Charlie Thomson, St Mark's Battersea Rise
Maundy Thursday: The Last Supper
"On the fifth day of Easter week, Jesus made preparations for the Jewish Passover festival knowing that this would be his last meal with his disciples. Purposefully and intentionally Jesus made extensive preparations to set the scene âThe Last Supperâ; how it would take place and who would be present.
Luke 2:7-62: âThen came the day of Unleavened Bread on which the Passover lamb had to be sacrificed. Jesus sent Peter and John, saying, âGo and make preparations for us to eat the Passover'"âŠ Luke 22:14: "When the hour came, Jesus and his apostles reclined at the table ... And he said to them, 'I have eagerly desired to eat this Passover with you before I suffer. For I tell you, I will not eat it again until it finds fulfilment in the kingdom of God.' After taking the cup, he gave thanks and said, 'Take this and divide it among you. For I tell you I will not drink again from the fruit of the vine until the kingdom of God comes.' And he took bread, gave thanks and broke it, and gave it to them, saying, 'This is my body given for you; do this in remembrance of me.' In the same way, after the supper he took the cup, saying, 'This cup is the new covenant in my blood, which is poured out for you but the hand of him who is going to betray me is with mine on the table.'â
"As I reflect on the words of Jesus at the Last Supper, we enter the third week of national lockdown of isolation in the UK, as the global pandemic COVID-19 sweeps the earth. Suddenly this invisible virus has locked the world into a time of deep reflection which, we can either embrace and make the most of, or resent and be miserable in. If I am honest, I have had moments of enjoyment, but then I have also had moments of, shall I say, impatience and frustration.
Last Supper drawing by sponsored child Justin from Kenya
"That is why I believe we can still learn so much from Jesus at the Last Supper. I mean, here is Jesus knowing that He is going to die the very next day and yet he reclines, relaxes and begins to share his heart deeply with those closest to him. There is no panic, fear or anger; just a desire to share his heart so that others would understand. Remarkably at his last meal he invited Judas Iscariot, his betrayer, to eat with him. And then after the meal, his desire to pray in the Garden of his Gethsemane reveals that prayer is his priority.
Make the most of the moments that we have today with those around us
"In this season of isolation, we have a unique gift of time to pause, to reflect, and to connect with those closest to us in a way that we will probably never have again in our lifetime. This is a question that I am asking myself daily âŠ âAm I resenting this lockdown or making the most of it?â âAm I reclining at table, relaxed and using this as an opportunity to share the deeper things of life with those closest or am I frustrated, short-tempered and hoping that this season will pass quickly? Years from now will we look back and remember this time of with either thoughts of how we made the most of it or regrets for how we spent it.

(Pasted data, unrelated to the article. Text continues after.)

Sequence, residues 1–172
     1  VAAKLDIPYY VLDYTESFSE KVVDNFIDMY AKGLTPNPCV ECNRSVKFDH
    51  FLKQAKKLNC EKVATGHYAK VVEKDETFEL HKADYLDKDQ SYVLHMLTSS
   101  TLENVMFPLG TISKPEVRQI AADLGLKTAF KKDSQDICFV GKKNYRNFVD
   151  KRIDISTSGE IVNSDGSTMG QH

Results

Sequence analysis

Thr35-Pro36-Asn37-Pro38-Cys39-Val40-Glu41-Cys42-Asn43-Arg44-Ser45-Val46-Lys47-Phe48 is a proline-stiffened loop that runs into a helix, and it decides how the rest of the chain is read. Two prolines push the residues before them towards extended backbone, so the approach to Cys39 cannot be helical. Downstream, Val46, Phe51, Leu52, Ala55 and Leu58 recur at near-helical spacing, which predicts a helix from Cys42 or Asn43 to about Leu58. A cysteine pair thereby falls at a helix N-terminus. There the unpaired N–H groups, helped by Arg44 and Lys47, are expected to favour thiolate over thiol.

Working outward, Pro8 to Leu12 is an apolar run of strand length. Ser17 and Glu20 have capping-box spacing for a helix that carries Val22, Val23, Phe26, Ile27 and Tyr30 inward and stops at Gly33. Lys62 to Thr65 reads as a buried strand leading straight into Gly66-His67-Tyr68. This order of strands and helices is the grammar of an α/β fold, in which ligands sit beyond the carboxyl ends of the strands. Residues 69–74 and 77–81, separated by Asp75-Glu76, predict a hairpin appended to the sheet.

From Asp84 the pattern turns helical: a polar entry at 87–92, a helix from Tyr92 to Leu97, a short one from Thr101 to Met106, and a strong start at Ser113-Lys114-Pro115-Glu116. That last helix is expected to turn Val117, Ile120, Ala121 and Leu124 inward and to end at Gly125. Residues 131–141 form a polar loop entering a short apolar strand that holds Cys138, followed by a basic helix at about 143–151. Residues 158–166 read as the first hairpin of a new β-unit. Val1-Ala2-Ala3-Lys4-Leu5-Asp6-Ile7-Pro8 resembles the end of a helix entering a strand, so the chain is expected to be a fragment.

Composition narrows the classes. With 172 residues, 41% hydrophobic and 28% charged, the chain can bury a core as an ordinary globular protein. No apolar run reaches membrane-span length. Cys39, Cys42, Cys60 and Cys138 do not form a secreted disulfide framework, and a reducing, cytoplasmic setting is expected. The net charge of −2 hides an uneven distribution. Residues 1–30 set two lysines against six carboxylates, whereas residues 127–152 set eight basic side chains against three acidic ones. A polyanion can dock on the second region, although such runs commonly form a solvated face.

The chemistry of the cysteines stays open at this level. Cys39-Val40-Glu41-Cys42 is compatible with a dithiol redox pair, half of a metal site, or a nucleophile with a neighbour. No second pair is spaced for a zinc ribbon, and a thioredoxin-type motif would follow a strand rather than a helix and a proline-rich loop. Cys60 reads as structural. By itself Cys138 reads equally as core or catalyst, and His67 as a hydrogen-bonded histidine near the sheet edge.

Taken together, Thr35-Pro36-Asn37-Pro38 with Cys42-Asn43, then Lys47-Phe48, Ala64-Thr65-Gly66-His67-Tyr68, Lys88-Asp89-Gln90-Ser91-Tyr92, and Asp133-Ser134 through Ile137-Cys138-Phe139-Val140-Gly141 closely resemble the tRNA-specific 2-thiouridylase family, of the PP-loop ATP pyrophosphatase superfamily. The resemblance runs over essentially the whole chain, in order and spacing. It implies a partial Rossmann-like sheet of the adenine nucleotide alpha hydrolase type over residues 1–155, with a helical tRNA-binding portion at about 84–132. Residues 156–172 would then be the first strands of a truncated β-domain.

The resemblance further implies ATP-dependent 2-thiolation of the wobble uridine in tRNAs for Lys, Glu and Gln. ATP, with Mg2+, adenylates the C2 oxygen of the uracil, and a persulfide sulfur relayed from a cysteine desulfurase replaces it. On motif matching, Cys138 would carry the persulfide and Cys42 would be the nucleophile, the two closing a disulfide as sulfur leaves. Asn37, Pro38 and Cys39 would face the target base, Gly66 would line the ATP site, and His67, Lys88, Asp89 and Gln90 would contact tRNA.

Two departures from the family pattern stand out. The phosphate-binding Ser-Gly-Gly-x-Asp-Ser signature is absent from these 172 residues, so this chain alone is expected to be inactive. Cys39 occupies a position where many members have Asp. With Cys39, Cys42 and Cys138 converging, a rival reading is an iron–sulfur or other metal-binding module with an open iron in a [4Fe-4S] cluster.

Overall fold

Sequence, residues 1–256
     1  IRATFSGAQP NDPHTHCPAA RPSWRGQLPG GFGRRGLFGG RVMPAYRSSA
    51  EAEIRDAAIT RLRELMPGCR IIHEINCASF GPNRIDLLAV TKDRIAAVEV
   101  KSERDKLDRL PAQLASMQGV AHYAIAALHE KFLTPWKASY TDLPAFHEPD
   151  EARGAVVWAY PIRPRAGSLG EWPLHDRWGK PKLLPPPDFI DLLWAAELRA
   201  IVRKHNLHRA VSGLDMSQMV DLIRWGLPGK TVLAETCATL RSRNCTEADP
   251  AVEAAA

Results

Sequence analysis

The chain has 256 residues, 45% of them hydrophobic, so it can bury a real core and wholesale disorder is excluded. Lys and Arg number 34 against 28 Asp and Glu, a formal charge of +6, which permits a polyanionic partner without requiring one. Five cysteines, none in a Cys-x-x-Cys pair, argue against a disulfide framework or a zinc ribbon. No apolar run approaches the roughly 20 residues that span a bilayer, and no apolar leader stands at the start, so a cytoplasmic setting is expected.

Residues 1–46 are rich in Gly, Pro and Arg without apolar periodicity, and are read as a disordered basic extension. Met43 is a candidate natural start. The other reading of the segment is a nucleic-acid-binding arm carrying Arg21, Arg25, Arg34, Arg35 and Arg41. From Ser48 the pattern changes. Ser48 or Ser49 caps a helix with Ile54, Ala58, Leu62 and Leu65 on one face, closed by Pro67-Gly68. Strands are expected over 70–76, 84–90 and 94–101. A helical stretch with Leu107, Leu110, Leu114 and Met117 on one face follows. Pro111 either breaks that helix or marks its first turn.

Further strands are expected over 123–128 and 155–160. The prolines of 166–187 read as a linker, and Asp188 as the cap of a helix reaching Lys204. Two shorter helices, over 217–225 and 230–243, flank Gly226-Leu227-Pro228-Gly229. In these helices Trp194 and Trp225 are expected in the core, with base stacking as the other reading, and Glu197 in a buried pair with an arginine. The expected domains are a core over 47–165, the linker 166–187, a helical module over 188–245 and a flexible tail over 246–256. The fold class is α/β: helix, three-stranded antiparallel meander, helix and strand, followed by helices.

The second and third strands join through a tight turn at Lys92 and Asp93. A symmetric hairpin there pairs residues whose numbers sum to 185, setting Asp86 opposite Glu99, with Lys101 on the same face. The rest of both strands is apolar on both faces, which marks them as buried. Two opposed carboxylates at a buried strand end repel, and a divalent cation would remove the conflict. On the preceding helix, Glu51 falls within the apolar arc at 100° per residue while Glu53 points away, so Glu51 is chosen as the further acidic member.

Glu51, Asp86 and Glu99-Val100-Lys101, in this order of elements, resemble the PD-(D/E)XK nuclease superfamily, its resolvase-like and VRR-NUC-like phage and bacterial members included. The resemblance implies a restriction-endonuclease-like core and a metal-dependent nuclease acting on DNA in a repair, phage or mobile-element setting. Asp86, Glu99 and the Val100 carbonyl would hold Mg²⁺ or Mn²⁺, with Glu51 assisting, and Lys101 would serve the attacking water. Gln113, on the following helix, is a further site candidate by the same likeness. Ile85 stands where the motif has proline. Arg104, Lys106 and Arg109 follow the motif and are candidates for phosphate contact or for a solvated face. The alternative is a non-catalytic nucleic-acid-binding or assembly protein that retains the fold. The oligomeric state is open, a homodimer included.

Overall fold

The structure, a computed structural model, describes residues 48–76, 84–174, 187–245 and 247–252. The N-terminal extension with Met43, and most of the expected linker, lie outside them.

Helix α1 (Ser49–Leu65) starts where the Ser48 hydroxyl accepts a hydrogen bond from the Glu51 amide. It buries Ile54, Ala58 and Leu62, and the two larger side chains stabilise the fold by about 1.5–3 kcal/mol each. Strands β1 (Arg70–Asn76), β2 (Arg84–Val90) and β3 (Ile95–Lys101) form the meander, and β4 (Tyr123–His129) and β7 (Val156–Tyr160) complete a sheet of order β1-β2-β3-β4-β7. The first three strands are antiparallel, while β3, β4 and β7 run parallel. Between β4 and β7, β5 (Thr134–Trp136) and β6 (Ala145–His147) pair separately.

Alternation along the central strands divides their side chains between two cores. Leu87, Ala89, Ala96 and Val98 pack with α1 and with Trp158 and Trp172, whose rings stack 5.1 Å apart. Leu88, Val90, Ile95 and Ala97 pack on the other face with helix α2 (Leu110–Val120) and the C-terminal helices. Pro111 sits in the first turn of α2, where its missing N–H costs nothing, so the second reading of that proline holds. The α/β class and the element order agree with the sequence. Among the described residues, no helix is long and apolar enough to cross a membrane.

"It could be that some of our family or friends may not be in isolation with us. It may be that some are self-isolating alone. I pray that we can find ways to be physically distant but choose to be spiritually close. Because the reality is that you can be physically close and spiritually distant. My prayer is that we recognise how we can make the most of this opportunity and ask ourselves the question, âHow can we make this a time to reflect and consider spiritual relationship with God and with others?â
"Lord Jesus, thank you that you became our sacrificial lamb, shedding your blood so that we could have everlasting eternal life. Thank you, Jesus, that whatever this life brings, whatever the difficulty or challenge we know that we have a future of eternity with you. We pray that we would have reclining moments of heart connections in these next weeks ahead. We also pray for the protection and well-being of all the Compassion children and workers around the world. And for all of us to make the most of the moments that lay ahead. Amen."
Steve Gambill, LIFE Church
"In 2007 I travelled to a remote island community in Haiti. Upon arrival I couldnât help but notice the dusty dry barren landscape, the plastic and tin roofed shacks that too many called home.
"Standing at the door to the church was an elderly lady with a bucket of clean water that she had collected from a mountain cave in advance of our arrival. No one had asked her to do this, but she knew visitors were coming to her community and, being a person of little means, she set out to give us a gift that she felt would bless and welcome our team.
"If I hadnât stopped and asked where the water came from, no one would have known what this lady had done for us. I was so struck by her selfless demonstration of Christâs love to me that it literally changed the course of my life and set me on a path to joining Compassion. She was so determined to give, even though she had nothing, she refused to let her circumstances determine her ability to demonstrate Christâs love to others. Whenever I feel I am in a challenging place, I reflect back to this lesson.
"Today is Good Friday, the ultimate demonstration of the depths and richness of Christâs love for us.
But he was pierced for our transgressions, he was crushed for our iniquities; the punishment that brought us peace was on him, and by his wounds we are healed. Isaiah 53:5